BACKGROUND: An evidence-based approach for risk stratification of subclinical atrial fibrillation (AF) and hereby AF screening is lacking. This study aimed to investigate whether established cardiovascular diseases (CVD) could help to identify the population more likely to benefit from AF screening.
METHODS: The LOOP Study randomized AF-naïve individuals aged ≥70 years and with additional stroke risk factors to either screening with implantable loop recorder (ILR) and subsequent anticoagulation upon detection of new-onset AF episodes ≥6 min, or usual care. In this sub-study, all participants were divided into two risk groups according to the presence/absence of CVD (defined as ischemic heart disease, heart failure, previous stroke, valvular heart disease, or peripheral artery disease).
RESULTS: A total of 1997 (33.3%) had CVD at baseline and experienced higher incidences of stroke or systemic arterial embolism (SAE), ischemic stroke, stroke/SAE/cardiovascular death, and all-cause death (adjusted HR 1.34 [1.06-1.69], 1.31 [1.02-1.69], 1.49 [1.23-1.79], and 1.59 [1.36-1.85], respectively) than those without. For ILR screening versus usual care, there was no decrease in stroke/SAE, ischemic stroke, or stroke/SAE/cardiovascular death among participants with CVD (adjusted p-values >0.05), whereas significant reductions in these outcomes were obtained by screening among those without CVD (adjusted HR 0.64 [0.44-0.93], 0.54 [0.35-0.82], 0.64 [0.46-0.87], respectively); adjusted p-values for interaction ≤0.05.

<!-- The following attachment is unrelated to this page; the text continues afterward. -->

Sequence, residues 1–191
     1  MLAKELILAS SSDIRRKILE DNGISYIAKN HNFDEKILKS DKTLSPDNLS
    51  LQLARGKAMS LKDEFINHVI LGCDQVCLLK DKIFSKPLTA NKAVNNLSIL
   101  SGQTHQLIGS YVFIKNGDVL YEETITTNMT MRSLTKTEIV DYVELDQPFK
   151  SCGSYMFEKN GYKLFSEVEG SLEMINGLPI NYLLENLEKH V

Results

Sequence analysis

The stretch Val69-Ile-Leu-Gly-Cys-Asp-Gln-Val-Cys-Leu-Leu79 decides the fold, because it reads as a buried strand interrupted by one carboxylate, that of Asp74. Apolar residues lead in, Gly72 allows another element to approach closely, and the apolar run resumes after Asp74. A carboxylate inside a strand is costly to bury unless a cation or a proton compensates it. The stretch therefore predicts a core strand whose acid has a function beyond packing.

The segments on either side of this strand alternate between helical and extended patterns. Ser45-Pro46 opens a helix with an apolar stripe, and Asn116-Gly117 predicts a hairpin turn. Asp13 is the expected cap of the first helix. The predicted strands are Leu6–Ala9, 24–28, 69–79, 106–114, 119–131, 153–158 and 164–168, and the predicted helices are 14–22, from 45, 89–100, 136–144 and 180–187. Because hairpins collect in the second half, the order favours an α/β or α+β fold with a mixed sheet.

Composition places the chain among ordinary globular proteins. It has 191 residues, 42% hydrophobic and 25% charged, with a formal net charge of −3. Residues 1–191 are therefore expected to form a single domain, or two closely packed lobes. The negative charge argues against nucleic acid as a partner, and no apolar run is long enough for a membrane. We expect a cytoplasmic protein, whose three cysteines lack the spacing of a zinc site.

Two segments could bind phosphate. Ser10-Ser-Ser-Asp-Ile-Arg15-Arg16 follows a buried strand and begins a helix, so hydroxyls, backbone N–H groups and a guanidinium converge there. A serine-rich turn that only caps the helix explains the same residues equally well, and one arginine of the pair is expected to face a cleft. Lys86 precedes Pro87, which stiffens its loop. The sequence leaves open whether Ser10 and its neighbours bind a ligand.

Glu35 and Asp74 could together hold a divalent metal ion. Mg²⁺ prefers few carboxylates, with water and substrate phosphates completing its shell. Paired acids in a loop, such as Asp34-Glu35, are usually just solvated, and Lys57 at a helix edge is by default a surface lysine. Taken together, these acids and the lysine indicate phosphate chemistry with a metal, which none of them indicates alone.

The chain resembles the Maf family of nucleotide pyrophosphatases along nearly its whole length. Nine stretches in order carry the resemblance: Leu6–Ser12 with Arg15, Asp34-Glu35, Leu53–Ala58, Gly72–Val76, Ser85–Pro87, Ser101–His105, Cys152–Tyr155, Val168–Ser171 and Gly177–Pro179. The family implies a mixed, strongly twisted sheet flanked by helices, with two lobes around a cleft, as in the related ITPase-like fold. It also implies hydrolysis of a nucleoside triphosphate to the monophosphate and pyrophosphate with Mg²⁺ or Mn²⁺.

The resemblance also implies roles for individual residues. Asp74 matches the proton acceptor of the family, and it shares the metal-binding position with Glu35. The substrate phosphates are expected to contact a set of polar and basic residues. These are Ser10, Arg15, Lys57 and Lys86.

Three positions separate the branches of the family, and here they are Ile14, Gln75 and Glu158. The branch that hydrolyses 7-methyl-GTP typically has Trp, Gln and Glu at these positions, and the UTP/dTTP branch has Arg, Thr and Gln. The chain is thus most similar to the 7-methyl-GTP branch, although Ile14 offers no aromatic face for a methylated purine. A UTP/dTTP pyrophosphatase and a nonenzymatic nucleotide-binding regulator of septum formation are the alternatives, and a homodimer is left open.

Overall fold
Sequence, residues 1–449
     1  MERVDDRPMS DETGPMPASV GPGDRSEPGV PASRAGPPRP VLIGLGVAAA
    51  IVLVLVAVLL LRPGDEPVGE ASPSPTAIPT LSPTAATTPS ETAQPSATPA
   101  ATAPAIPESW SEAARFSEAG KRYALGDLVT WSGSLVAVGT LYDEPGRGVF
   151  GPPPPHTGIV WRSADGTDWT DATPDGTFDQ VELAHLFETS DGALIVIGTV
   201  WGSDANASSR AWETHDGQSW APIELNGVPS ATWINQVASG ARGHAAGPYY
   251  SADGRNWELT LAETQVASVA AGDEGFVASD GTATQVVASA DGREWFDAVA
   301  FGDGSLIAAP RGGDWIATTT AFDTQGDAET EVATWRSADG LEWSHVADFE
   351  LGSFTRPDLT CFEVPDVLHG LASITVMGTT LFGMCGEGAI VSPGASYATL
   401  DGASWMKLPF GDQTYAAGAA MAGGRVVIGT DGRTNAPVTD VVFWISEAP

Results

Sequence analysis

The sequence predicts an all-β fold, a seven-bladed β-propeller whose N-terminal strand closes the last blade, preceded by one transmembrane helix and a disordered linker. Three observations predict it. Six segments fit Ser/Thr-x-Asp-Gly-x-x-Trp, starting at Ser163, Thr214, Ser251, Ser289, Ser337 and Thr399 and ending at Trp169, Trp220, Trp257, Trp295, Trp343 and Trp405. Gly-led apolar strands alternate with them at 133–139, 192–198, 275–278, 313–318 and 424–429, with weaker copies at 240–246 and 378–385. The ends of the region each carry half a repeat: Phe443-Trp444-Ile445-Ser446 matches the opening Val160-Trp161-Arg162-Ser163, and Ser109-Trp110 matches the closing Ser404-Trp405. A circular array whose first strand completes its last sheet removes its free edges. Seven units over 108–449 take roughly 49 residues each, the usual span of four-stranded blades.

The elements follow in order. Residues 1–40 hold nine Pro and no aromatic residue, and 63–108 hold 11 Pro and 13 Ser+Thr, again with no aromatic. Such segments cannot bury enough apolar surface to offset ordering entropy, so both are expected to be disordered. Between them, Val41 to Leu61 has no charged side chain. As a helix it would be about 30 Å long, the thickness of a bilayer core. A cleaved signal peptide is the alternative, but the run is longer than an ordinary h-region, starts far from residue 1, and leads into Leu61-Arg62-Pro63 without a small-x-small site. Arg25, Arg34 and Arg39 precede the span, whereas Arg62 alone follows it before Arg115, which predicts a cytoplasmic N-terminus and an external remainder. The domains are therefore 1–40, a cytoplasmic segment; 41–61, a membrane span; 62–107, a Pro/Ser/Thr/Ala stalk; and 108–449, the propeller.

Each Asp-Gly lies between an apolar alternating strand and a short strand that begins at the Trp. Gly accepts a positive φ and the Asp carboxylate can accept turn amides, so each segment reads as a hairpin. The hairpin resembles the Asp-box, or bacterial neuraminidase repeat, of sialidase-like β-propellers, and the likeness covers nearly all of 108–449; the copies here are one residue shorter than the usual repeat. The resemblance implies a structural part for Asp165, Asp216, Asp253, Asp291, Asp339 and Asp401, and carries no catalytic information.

CONCLUSIONS: In an elderly, at-risk population, ILR screening did not prevent stroke significantly in individuals with CVD, whereas screening was associated with approximately 40% stroke risk reduction among those without CVD. However, these findings should be considered as hypothesis-generating and warrant further study.
- Atrial Fibrillation/complications
- Cardiovascular Diseases/diagnosis
- Follow-Up Studies
- Ischemic Stroke/complications